Dubai issued a new law regulating family-owned businesses in the emirate to help protect family wealth and grow their contribution to the country's economic and social development.
The new law issued by Sheikh Mohammed bin Rashid, Prime Minister and Ruler of Dubai, allows for new family ownership contracts to be formed setting out the rights and responsibilities of family members.
For the family ownership contract to become legally binding, the new law also states that all parties of the contract must be members of the same family and have a single common interest.
The contract must also “clearly define the share of each member, and parties of the contract must own all the legal rights of the monies and assets that are under the purview of the contract”, a statement issued by state news agency WAM said.
“The law is optionally applicable to existing and new family ownerships, including corporate equity securities and proprietorship,” according to the statement.
Family ownership in public joint-stock companies and movable and immovable property, however, are excluded from the new regulations, it said.
The law also regulates the articles of the family ownership contract, the structure and management of businesses, formation of boards, the authorities and responsibilities delegated to boards and management as well as their powers and limitations.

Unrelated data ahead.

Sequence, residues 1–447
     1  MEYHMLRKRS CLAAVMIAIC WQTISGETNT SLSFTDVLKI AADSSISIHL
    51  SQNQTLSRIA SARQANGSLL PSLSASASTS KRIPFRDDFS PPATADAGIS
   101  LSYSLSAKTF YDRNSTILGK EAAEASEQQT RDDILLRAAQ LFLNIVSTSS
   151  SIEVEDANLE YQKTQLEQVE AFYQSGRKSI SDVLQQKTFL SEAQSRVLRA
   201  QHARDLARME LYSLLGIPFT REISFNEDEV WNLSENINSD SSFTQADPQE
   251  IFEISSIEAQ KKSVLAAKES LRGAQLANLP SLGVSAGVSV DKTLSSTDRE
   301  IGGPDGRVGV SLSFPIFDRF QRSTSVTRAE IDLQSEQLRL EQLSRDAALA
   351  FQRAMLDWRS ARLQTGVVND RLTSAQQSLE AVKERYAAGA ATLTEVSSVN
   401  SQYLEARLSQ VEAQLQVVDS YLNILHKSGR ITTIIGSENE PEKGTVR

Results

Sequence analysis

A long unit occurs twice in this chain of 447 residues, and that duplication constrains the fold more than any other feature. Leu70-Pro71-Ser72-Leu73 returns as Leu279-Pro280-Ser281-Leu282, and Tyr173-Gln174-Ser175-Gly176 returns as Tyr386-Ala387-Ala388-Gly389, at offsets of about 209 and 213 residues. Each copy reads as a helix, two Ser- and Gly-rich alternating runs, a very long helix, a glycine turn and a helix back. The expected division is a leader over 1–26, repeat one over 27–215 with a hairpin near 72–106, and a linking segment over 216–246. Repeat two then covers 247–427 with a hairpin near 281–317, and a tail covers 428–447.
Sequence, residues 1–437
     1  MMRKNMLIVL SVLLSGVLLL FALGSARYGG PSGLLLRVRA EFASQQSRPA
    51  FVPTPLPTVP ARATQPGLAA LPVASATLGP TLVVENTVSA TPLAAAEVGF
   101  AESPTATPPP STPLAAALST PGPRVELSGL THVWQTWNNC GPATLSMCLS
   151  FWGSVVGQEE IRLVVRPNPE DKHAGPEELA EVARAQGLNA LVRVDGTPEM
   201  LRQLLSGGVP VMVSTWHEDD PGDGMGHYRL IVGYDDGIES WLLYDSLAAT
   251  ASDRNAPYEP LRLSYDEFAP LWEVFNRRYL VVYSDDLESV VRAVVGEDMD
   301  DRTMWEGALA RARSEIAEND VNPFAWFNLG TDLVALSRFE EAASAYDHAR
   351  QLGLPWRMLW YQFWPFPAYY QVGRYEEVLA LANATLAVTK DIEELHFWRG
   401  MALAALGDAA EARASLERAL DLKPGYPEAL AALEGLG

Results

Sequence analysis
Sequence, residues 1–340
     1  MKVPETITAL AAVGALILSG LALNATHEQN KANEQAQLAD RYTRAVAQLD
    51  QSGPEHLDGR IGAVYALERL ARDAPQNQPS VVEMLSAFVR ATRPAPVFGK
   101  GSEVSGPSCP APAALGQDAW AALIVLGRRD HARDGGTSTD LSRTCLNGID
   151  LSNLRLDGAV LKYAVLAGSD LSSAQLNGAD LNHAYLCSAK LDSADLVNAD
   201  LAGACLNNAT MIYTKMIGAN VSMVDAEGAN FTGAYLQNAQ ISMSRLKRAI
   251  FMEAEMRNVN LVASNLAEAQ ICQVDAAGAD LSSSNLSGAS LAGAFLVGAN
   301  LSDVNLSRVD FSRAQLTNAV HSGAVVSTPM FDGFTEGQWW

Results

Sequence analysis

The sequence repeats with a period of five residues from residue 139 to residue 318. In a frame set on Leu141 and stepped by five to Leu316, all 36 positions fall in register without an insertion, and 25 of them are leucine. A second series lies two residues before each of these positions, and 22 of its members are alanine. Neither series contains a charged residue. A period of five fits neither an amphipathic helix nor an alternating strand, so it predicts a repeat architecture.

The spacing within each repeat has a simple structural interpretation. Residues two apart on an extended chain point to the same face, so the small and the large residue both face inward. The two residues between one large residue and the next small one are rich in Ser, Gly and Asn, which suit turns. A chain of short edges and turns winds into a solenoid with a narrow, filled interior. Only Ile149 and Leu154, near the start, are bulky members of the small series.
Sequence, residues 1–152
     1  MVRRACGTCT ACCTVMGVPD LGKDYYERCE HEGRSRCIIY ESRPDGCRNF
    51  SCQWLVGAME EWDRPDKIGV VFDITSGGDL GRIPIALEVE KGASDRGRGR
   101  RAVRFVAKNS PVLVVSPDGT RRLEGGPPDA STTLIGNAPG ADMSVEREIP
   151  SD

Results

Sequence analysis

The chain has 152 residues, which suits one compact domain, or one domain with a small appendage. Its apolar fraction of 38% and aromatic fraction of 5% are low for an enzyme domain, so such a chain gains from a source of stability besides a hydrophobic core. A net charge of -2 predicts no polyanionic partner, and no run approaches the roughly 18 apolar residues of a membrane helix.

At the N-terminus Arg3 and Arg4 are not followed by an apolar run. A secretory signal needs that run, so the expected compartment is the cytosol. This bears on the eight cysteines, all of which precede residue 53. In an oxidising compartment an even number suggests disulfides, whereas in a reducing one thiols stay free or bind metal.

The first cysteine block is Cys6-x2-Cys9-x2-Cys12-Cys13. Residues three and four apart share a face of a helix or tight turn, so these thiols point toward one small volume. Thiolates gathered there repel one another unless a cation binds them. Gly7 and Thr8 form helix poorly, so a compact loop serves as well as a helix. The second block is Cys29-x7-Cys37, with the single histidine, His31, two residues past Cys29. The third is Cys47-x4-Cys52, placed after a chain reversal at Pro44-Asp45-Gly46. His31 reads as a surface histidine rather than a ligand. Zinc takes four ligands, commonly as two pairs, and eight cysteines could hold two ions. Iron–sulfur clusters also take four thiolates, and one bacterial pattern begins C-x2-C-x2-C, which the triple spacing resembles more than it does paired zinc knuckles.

Family businesses have a long history in the Gulf and are one of the key pillars of the economy, accounting for a large chunk of the region’s non-oil gross domestic product. Roughly 80 per cent of family businesses in the GCC are at a critical transition phase of being handed over from first to the second, or from the second to the third generation, according to a study by the Family Business Council-Gulf (FBCG) and McKinsey.
Given the significance of the family businesses to the region's economy, "proactively mitigating against conflict-related risks is very important”, Omar K Alghanim, chairman of the FBCG said in May.
The UAE, on a federal and emirate level, has taken several steps to support the family owned businesses. Earlier this year , the UAE Cabinet, approved a draft law to allow family businesses to list on the country’s financial markets.
According to Dubai's new regulations, the validity of a family ownership contract can extend for up to 15 years and be renewed for a similar term following the agreement of all concerned parties.
"Dubai, home to a number of wealthy family-owned businesses and offices, is surely likely to benefit from this decision," Vijay Valecha, chief investment officer at Century Financial, said.
"A look at the [family business wealth] highlights their contribution to Dubai’s economic growth," he said, adding their holdings range across multiple sectors from retail and leisure to financial services.